Saturday, 3 December 2011

How to do ‘not too bad’ in a sword fight: 2. How to cover yourself.

How to do ‘not too bad’ in a sword fight: 2. How to cover yourself.

The last post in this series was looking at the earlier surviving evidence from the longsword fighting tradition associated with Liechtenauer, the Kunst des Fechtens. This post will do the same. However, where the last post was cherry-picking evidence about 'how to cut and thrust', this post will concern itself with 'how to cover yourself'. Simples? Then let's get on with it...

First up, let's start with good old MS 3227a. Now, the anonymous description of the fundamentals of combat, before the gloss itself, contains gems of wisdom such as:
'For in this righteous fencing do not make wide or ungainly parries or fence in large movements by which people restrict themselves.' - 14r
'Many Masters of play fighting say that they themselves have thought out a new art of fencing that they improve from day to day. But I would like to see one who could think up a fencing move or a strike which does not come from Liechtenauer’s art. Often they want to alter or give a new name to a technique, all out of their own heads and think up wide reaching fencing and parries and often make two or three strikes when one would be enough or stepping through and thrust, and for this they receive praise from the ignorant. With their bad parries and wide fencing they try to look dangerous with wide and long strikes that are slow and with these they perform strikes that miss and create openings in themselves.' - 14r-v
Now, I don't want to jump the gun here. But I think that it's reasonable to say that the anonymous author behind this seems to value covers with are tight; - from which it's possible to step through and stab someone in the face as easily as possible.

Another point which is emphasised in this 'fundamentals of combat' is that you should keep moving. This applies to covers too - it's not good to defend yourself and then stop and see what your opponent does next:
'When you fence with another, then in this you are well taught, and remain fast in movement, and do not tarry when he starts to fence with you.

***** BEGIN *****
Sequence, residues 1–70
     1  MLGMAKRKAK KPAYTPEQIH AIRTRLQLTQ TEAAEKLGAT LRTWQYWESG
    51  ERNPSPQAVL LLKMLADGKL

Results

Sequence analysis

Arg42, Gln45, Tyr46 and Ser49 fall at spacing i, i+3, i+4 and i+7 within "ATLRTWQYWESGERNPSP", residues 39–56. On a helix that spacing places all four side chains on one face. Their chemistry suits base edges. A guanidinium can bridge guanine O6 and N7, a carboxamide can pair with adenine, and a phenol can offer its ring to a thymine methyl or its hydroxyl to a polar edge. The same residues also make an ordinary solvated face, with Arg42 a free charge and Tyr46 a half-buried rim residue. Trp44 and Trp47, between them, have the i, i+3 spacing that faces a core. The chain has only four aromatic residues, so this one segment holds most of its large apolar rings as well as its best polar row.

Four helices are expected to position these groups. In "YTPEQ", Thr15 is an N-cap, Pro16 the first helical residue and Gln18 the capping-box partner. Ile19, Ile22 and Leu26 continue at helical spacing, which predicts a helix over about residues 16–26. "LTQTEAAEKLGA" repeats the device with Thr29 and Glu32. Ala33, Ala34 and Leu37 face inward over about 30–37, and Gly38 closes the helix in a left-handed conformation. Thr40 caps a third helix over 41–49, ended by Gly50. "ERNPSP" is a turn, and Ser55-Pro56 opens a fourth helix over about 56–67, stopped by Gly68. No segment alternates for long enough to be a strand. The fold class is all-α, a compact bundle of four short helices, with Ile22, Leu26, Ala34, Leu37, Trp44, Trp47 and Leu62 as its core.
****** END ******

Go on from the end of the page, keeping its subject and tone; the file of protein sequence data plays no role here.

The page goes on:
Then make without limit and end that which is skillfull. Be quick and steady without faltering, at once so that he cannot strike. That is fortunate and he will be hurt, when he cannot strike away, as the other cannot part without being beaten. And after the teaching that is here described, I say truly, that the other cannot defend without danger. If you have understood this he will not come to strikes.' - 17v

Now, some people have interpreted this as saying that you should attack, attack and attack again. Personally, I don't think so. Instead, I believe that it is emphasising the importance of siezing the initiative in a fight, not hesitating and letting your opponent dictate how you act. In fact Hans Talhoffer (the anonymous blogger) has pointed out that it might mean that an opponent is dangerous when defending!

The other point it's worth making before we get onto the gloss is that the evidence so far supports 'Be Efficient' and 'Stab him in the face', even when making covers.

Moving onto the core Zedel, or Epitome of the art, and this Gloss, the subject of making covers first comes up in the section concerning the Zornhau:
'And also know that from two strikes alone come all other strikes that are possible to name: these are the upper strike and the lower strike from both sides. [Mike's note: That is to say rising and descending cuts, from the right and from the left hand sides. I tend to bastard-gerlish them as 'oberhau-s' and 'unterhau-s'.] These are the main strikes and form the foundation for all other strikes. They are in themselves basic and come from the point of the sword, which is the centre and core of all other pieces that is well described to you. And from these strikes come the four displacements from each side with which all strikes or thrusts are broken and also all guards, and from them you come into the four hangings and from these one can do fine art as you will hear later. No matter how you fence always aim the point at the opponent’s face or breast, then he will always have to worry that you will be faster since you will have a shorter way to go in to him than he has to you.' - 24v-r